The end of ideologyThe recently held elections in Nepal have shown that the ‘left unit’ is more than an idea, it can actually be implemented.
The recently held elections in Nepal have shown that the ‘left unit’ is more than an idea, it can actually be implemented. Those who have mastery over the commentary side of the ‘political economy’ have to admit now that the ‘India-China Affair’ is no longer the same. Indeed, it is not, and the chapters of foreign and internal affairs have to be amended radically in the times to come.
The minimal bearing that ideology has on the left-forces is the main reason behind their sudden, landslide victory. These forces don’t have a cohesive view about themselves. In Nepal, we have political actors solely committed to their own survival, instead of a vision or an agenda.
Purely an experiment
Not long ago, the nation suffered a most painful earthquake, this was followed by a round of vicious bi-polar political divisions, international leverage, border blockade, non-action and intangible disasters. Altogether, countless lives have been made vulnerable the country over. The public are thoroughly disenchanted. This has been reflected in the electoral verdict. Findings from the ground have suggested that the electoral results were not affected by calculated moves or patronage from beyond the borders. Instead, they showed that forces with local issues as their prime focus broadly shaped the voting pattern because they fuelled hope for stability. In contrast, the public rejected cases of Madhesi political activism and the confused new style of the Nepali Congress (NC). Sans left-forces, other political stakeholders had dismal chances in the polls.
Globally, ideological purity is on the wane and fast going out of fashion. And the new political experiment in Nepal is no exception. Though at this juncture, ‘factionist tendencies’ and the rise of ‘fringe forces’ in Nepal are still being resisted. However, the NC is still dangling the post of Prime Minister in front of Pushpa Kamal Dahal, but unlike in the past, this will not work given the current state of affairs. It’s too late for both the NC and the CPN (Maoist Centre) to come to a political agreement. Now, all the NC can do is to re-invent itself thoroughly.
The emerging scenario offers the perturbing possibility of an ideological cocktail formed by a mixture of Marxism-Leninism and Maoism for casual reasons such as nationalism or unregulated capitalism. Baburam Bhattarai, in search of an alternative, also made a grave mistake by aligning with the general trend and making Naya Shakti Nepal subservient to the political forces in power.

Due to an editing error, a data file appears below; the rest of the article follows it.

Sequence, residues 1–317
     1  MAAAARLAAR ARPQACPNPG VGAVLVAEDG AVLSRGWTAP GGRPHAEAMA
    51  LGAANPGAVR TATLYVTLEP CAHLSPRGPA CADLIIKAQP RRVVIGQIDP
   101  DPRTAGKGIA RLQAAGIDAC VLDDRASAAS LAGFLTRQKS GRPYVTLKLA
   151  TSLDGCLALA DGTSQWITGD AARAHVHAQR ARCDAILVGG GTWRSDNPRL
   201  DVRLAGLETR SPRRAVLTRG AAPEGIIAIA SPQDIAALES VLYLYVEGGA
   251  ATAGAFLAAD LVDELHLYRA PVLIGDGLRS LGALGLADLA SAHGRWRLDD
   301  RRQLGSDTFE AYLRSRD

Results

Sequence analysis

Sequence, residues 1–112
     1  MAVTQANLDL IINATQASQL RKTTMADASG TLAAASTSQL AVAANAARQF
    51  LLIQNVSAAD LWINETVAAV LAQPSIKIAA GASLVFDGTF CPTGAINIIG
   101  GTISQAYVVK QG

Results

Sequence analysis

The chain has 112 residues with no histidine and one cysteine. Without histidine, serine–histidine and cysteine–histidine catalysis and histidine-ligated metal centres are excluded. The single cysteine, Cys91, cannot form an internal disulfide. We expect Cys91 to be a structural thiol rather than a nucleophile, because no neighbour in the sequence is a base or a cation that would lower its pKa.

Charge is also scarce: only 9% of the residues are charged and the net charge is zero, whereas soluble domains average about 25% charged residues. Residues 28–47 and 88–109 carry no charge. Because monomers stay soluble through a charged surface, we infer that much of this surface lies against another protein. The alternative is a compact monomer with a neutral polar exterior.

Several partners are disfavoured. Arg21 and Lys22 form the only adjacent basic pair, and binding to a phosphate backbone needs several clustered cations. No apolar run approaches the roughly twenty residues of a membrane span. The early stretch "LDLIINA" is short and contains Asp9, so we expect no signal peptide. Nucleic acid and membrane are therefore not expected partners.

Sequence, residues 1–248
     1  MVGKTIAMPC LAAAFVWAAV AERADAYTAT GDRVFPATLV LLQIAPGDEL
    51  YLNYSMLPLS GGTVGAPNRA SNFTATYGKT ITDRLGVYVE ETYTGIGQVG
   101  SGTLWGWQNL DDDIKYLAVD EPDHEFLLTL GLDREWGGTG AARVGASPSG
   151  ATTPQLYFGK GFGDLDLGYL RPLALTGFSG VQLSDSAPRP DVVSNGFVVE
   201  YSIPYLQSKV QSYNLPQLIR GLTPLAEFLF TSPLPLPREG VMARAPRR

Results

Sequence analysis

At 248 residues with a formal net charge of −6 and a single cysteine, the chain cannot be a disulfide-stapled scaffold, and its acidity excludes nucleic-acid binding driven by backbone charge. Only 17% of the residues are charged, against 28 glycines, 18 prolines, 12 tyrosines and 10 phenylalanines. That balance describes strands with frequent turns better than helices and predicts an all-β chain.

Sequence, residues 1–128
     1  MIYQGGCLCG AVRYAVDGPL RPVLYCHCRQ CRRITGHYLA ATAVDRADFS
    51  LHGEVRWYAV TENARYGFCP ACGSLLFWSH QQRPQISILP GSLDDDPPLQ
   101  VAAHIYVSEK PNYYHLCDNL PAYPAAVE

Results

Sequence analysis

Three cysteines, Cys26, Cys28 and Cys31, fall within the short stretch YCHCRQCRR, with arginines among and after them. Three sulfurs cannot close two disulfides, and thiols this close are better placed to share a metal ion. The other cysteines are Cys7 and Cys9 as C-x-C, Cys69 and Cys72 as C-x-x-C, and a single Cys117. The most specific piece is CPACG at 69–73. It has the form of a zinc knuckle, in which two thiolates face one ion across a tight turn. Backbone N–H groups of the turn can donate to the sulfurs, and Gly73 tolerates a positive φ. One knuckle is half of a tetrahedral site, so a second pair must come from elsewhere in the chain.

Communism is based on the tenets of unity and struggle, yet at present, left forces have departed completely from this way of thought. What’s more, the left alliance seems to have no plans to transform any policies that are keeping Nepal bound as a client state.
Progress with a vision
The left forces should now move forward with a vision to nationalise the economy and rethink the implementation of the current fledgling model of federalism that appears to have little to offer in terms of governance and development. Instead, a ministry-level overhaul should be carried out to address long pending issues such as ensuring a prudent spread of industries across the country that is aligned with new development clusters. This would ensure a decentralisation of production, establish market linkages, and create livelihood. Operational waste must also be cut. A sustainable growth of the national economy can be achieved through the implementation of such measures.
Measures for economic cooperation with both India and China must be promoted. The foundation for such cooperation can be laid out while keeping strategic concerns alive. However, in order to do so, a great deal of clarity is required at the policy level and could be a big challenge for the future establishment at the Singha Durbar in Kathmandu.
The ruling left alliance must also address the factors that make the ethnicity-vested political interface a cause of vicious diversionist tendencies in certain instances. To keep the house in order and giving all the provinces their due, including the Madhes, the action plan should be made in accordance with the issues on the ground instead of being made on the basis of the directionless, regional aspirations of a few.
The left front is not expected to break all boundaries and go above and beyond in terms of good governance, but it is expected to make some progress with the new federal structure. With a rational set of policies and actions, the left forces could be instrumental in implementing historical changes. Without rational policies or actions, the experiment with federalism in this troubled democratic nation won’t amount to much.
With this big political shift, those who will now be accountable for running the government should give more importance to their present and future performance rather than to their electoral figures. Giving importance to non-issues will only increase the risk of political falling-out. In the course of this experiment with federalism, democracy will be met with a host of other opportunities and risks.
Thakur is a public policy professional based in New Delhi, he can be reached on: email@example.com